I don’t have to tell you that there’s a certain romance to the rails. A train is not simply a means of transportation, but the promise of an adventure or a life-changing occurrence—even just one stop away.
While most people think of luxury locomotives like the Orient Express as the places for kindling a courtship, love can be found and cultivated anywhere—such as on the old New York Central Railroad, for example. This is certainly the case for two relatives of mine—Joseph (Joe) and Irene Buffamento—for which an ordinary trip on the elevated rapid-transit railway (decades before it became one of America’s most famous rail-trails) sparked a “meet-cute” fit for the silver screen.
Seventy-two years ago, in the summer of 1946, 18-year-old Joe and 17-year-old Irene were riding on the High Line—then a portion of the New York Central’s West Side Line—through Manhattan. (For those interested in a few more details on the history of the line, check out this short timeline from Friends of the High Line.)
Joe was immediately stricken by Irene’s (née Paruolo) good looks. According to Joe, he first noticed her slender legs that peeked out beneath her knee-length skirt, but his gaze was broken by the sight of her hands. Joe had been born deaf—in a time when America was only beginning to make real advancements for the Deaf community—and he was in disbelief when he saw Irene, who is also deaf, having a conversation with her Aunt Ida in sign language. While American Sign Language (ASL) was developed more than 100 years prior, it was incredibly rare to see someone using ASL during the 1940s, even in a city of nearly 7.5 million residents at the time (8.5 million today).
Seeing Irene using ASL was all the motivation Joe needed to walk across the crowded train car and ask Irene out on a date, in ASL, of course. And while the rail line would formally cease operations in 1980 and deteriorate into blight for the next two decades, that chance encounter on the short-lived railway would lead to a lifetime of happiness. Only a year after meeting, Joe and Irene married at Our Lady of Mount Carmel Church in the Bronx, and they just celebrated their 70th wedding anniversary on Sept. 13, 2017.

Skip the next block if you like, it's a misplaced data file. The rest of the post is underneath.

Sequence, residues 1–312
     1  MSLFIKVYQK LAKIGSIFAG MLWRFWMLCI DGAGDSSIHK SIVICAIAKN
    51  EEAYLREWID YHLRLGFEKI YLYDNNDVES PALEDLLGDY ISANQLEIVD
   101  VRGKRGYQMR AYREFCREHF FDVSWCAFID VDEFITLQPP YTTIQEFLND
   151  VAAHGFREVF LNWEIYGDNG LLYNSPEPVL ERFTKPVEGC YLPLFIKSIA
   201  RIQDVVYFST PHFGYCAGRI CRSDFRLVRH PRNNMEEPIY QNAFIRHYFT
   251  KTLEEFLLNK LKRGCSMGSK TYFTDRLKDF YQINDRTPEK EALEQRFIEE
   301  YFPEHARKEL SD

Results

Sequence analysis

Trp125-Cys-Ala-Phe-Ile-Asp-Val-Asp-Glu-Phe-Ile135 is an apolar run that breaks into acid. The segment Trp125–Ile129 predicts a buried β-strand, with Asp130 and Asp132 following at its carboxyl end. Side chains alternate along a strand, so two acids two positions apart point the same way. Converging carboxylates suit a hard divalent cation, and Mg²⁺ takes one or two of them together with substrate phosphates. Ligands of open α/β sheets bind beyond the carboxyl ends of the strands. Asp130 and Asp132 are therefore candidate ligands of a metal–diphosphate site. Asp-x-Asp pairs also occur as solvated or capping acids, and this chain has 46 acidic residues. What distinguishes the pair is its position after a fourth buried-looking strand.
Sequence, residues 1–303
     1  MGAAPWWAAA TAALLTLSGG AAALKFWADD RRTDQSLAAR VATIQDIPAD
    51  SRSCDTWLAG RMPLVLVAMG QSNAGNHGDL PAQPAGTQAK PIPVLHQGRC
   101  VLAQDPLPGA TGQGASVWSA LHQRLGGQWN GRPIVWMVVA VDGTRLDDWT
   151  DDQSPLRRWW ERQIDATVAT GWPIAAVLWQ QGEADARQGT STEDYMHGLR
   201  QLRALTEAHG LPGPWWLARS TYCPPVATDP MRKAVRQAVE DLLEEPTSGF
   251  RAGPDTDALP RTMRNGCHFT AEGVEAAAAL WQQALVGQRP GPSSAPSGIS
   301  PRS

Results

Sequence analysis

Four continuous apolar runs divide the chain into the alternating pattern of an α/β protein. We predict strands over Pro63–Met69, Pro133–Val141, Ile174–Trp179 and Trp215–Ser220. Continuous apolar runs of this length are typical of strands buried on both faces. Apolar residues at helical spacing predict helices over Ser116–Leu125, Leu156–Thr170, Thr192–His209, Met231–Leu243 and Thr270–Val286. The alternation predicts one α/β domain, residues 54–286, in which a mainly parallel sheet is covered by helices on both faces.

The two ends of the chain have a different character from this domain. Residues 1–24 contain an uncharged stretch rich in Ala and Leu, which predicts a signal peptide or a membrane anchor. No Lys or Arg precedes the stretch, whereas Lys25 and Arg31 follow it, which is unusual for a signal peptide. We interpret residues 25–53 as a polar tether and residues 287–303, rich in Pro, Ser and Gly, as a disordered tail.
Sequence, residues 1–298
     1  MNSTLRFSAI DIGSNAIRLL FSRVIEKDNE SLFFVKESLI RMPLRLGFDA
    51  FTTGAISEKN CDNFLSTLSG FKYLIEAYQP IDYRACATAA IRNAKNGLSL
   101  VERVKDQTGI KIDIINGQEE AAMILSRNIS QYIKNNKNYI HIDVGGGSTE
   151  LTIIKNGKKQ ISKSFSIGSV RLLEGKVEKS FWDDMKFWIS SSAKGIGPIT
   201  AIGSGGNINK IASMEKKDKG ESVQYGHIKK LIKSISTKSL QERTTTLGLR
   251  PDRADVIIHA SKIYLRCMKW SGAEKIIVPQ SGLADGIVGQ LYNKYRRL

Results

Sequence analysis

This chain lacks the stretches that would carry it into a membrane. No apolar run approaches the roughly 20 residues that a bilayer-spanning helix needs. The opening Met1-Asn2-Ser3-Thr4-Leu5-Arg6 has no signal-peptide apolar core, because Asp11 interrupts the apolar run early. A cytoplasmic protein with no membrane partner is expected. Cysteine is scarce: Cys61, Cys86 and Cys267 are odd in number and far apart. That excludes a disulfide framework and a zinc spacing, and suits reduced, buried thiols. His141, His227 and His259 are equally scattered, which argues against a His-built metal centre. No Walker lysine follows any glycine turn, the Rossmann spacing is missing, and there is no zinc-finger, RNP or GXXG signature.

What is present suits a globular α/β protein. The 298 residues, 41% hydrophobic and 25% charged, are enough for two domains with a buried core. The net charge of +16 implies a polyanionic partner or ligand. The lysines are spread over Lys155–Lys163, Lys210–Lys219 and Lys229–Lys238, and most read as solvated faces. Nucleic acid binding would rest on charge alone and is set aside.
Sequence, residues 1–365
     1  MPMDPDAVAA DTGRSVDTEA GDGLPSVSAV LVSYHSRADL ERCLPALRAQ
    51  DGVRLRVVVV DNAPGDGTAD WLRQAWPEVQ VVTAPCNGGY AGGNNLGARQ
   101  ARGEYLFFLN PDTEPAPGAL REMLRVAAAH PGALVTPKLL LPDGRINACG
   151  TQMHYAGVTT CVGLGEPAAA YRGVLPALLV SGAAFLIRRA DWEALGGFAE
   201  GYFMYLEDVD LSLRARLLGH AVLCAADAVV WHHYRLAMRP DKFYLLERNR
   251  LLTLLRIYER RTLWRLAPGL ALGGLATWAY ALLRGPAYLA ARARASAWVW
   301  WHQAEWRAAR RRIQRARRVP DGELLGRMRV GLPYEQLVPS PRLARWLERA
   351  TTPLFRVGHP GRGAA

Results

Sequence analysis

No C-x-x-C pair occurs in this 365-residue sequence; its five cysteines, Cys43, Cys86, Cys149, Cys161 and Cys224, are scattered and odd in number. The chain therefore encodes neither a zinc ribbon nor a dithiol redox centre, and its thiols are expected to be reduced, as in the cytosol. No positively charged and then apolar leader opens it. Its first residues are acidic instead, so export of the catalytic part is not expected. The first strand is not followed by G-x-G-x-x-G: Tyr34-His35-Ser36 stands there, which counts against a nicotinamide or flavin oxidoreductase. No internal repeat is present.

They lived much of their life together in the Bronx; Joe worked at a paper and cardboard factory in Queens, while Irene raised their son Don and worked part time at her grandfather’s hat factory.
Now 88 and 87, Joe and Irene have since settled down in the suburbs of Nanuet, New York. And they are pleased that the site of their meeting—once considered a burden to local developers—has taken on a new form as well. Transformed into a rail-trail beginning in the early 2000s and officially opening in 2009, the High Line is now a lush escape from the city streets and one of New York City’s most famous attractions. More than 5 million people visit the park every year, and just like the love of Joe and Irene over decades of marriage, the rail-trail continues to thrive.
The High Line had been overlooked by society in many ways after the train closure, just as the Buffamentos had been by society for being “different,” but both resulted in something more beautiful than either could have imagined.